Federal agencies were mostly cleared of the malware but for others who lost Internet access, some ISPs softened the blow by redirecting their DNS queries to internal help pages.
Microsoft will issue nine bulletins in its July 10 security patch release, three of them rated critical. One could be for a vulnerability in XML Core Services that is being actively exploited.
Cybersecurity pros are running to keep up with emerging threats to mobile devices, yet most observers fear government and industry will always lag behind.
Despite months of warnings and offers of help, hundreds of thousands of people still have not cleaned up DNSChanger infections and stand to lose Internet access July 9.
The information-stealing Trojan attacks the recently discovered flaw in XML Core Services, as well as Flash Player, and might be coming from China.
A spam-sending botnet that operates on Android devices could be the first of its kind, says a Microsoft researcher who discovered it
Twitter's transparency report shows it complies with most government requests for user account information, but sometimes the government has to use some legal muscle.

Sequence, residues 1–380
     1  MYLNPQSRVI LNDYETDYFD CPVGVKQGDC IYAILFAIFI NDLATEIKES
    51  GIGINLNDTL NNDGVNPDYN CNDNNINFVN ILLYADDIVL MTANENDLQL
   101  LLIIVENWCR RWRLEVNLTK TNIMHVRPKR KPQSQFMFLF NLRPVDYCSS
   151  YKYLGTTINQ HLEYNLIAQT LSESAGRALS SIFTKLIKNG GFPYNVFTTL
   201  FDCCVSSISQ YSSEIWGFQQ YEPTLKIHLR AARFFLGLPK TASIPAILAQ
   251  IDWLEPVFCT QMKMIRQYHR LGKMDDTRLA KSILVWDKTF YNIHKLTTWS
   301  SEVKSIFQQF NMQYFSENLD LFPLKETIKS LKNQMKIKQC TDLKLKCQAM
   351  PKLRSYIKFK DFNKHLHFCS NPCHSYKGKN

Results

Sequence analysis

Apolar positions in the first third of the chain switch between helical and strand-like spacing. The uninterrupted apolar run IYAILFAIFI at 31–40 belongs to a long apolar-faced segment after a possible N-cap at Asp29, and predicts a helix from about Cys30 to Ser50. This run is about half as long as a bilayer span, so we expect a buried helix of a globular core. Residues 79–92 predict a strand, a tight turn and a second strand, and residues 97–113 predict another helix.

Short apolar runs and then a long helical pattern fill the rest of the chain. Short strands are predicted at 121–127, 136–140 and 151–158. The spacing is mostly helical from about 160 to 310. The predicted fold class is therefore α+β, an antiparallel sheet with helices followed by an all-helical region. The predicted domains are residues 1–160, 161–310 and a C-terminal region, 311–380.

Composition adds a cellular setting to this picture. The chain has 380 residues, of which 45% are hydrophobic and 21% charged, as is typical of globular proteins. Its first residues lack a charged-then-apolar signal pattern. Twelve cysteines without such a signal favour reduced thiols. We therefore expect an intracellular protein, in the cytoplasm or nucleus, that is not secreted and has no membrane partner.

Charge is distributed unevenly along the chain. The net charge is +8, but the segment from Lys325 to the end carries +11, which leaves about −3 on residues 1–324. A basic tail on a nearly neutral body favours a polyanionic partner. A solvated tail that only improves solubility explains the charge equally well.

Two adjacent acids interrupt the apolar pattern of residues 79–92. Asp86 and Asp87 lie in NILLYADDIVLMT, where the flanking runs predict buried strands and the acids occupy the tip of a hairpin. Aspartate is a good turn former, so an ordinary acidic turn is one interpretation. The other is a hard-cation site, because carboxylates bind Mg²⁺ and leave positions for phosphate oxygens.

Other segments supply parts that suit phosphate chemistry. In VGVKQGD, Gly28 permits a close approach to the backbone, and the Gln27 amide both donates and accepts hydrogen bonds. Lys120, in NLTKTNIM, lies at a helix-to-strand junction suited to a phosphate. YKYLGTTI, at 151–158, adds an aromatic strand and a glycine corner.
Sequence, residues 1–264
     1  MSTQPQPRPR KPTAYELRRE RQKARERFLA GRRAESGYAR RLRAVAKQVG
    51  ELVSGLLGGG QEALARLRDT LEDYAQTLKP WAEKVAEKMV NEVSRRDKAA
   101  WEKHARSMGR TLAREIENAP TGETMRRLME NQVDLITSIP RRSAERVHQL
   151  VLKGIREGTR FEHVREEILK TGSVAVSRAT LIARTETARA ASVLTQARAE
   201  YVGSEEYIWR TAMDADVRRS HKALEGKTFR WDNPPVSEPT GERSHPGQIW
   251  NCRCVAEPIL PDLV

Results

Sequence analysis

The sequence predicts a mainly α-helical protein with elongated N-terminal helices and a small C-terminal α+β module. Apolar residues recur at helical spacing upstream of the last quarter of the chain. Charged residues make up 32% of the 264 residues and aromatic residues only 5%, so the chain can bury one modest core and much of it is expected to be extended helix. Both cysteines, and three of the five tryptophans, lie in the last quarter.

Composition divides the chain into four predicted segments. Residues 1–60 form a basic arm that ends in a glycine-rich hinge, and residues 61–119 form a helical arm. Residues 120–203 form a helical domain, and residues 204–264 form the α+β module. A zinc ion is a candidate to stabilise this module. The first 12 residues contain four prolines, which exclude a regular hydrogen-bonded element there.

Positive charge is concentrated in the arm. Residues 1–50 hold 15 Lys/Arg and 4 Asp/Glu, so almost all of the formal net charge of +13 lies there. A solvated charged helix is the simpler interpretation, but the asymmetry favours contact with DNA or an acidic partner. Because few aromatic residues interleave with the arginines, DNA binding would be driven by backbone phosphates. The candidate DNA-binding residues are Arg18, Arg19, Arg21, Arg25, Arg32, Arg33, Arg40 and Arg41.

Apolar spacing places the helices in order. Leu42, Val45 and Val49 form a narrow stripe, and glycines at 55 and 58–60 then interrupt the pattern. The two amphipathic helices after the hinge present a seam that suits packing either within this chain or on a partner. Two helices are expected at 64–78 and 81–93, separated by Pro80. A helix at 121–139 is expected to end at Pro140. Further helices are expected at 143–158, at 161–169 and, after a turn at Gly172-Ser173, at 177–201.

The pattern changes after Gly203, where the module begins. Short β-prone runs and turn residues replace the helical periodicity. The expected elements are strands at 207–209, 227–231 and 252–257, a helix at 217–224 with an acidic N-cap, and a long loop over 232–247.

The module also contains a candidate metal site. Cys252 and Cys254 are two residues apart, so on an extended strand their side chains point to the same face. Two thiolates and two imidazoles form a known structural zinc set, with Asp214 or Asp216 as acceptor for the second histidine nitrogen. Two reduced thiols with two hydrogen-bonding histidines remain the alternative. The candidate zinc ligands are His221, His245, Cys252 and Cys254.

There are risks to setting up an unsecured wireless hub, apparently including police attacking your home.
The company's Digital Crimes Unit, which disabled the botnets after raids in March, will turn over its case to the FBI.
The controversial bill has been amended to protect civil liberties, but fails to win over critics who see it as an expansion of military authority and a threat to personal privacy.
More than 300,000 IP addresses, nearly 70,000 of them in the U.S., are being directed to servers that will go offline July 9. Computers at two federal agencies are still infected.
A phishing-spread campaign targets banks and the wealthy, and has attempted to steal anywhere from $78 million to $2 billion this year, security researchers say.
Lockheed Martin's approach is to identify the steps a hacker would need to take to gain access and then prepare for each of them.
Code inside the cyber weapon turned off its replication routines June 24, apparently as its creators intended.
The Cybersecurity Technologies Research Laboratory provide a more open but still secure environment for sharing ideas among government, industry and academia.